This Passover Seder is not just any Passover Seder. Yes, there will be a quick service and then a festive meal afterwards, but this night is different from all other nights. This will be the night the Golds of Greenwich meet the Rothschilds of New York City.
The Rothschilds are the stuff of legends. They control banks, own vineyards in Napa, diamond mines in Africa, and even an organic farm somewhere in the Midwest that produces the most popular Romaine lettuce consumed in this country. And now, Sylvia Gold’s daughter is dating one of them.
When Sylvia finds out that her youngest of three is going to bring her new boyfriend to the Seder, she’s giddy. When she finds out that his parents are coming, too, she darn near faints. Making a good impression is all she thinks about. Well, almost. She still has to consider her other daughter, Sarah, who’ll be coming with her less than appropriate beau and his overly dramatic Italian mother. But the drama won’t stop there. Because despite the food and the wine, despite the new linen and the fresh flowers, the holidays are about family. Long forgotten memories come to the surface. Old grievances play out. And Sylvia Gold has to learn how to let her family go.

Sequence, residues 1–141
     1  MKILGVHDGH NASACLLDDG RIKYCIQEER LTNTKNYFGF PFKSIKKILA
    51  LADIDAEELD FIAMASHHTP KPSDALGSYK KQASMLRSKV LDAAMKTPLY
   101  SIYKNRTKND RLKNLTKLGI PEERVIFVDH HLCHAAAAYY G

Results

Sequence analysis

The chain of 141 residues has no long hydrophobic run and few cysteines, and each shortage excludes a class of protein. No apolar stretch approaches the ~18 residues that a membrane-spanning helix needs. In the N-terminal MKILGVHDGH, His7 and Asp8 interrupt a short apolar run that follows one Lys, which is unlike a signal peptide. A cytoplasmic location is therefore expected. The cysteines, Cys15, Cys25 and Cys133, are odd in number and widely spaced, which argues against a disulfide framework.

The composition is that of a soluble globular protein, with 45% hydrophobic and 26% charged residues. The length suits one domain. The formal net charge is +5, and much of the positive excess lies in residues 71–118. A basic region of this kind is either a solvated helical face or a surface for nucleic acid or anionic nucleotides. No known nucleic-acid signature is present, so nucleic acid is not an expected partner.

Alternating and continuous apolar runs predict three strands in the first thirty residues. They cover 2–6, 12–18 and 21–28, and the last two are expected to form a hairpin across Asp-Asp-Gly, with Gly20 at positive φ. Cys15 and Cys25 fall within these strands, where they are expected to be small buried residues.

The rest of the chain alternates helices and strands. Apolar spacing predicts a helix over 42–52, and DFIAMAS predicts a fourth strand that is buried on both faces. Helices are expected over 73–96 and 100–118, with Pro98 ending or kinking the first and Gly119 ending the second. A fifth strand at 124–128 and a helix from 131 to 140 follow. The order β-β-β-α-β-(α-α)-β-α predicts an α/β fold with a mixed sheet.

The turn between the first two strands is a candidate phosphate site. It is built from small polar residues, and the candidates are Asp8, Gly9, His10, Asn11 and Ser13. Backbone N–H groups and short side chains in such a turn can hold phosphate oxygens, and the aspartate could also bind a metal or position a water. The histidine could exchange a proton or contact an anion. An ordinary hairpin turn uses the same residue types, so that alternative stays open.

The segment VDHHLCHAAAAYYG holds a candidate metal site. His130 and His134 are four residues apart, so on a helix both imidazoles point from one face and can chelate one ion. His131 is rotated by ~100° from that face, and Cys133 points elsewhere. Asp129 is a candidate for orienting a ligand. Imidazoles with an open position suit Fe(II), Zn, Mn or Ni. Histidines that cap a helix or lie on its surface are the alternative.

Great book! As a parent I can relate to Sylvia in the sense that you have such great expectations for your children that you want to push them towards success, sometimes disregarding the fact that maybe they yearn for something different. And I also could relate to Sarah because growing up I always wanted to please my parents even if it meant keeping secrets that I know would disappoint me. I sometimes felt like I wasn’t doing a lot of the things that I wanted to be doing in fear that they’d judge me. This book is so true to life when it comes to tight knit families. I recommend this awesome read.